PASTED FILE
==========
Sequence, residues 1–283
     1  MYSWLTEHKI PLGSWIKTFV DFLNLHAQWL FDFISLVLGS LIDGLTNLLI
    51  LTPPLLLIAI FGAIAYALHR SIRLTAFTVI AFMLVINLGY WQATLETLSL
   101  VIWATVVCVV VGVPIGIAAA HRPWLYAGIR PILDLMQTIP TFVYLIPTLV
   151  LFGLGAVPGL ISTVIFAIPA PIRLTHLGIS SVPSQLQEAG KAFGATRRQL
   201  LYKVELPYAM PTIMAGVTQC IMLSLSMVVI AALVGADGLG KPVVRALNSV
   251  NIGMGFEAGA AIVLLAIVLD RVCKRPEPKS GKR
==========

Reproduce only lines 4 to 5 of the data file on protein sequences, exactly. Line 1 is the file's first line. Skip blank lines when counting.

   101  VIWATVVCVV VGVPIGIAAA HRPWLYAGIR PILDLMQTIP TFVYLIPTLV
   151  LFGLGAVPGL ISTVIFAIPA PIRLTHLGIS SVPSQLQEAG KAFGATRRQL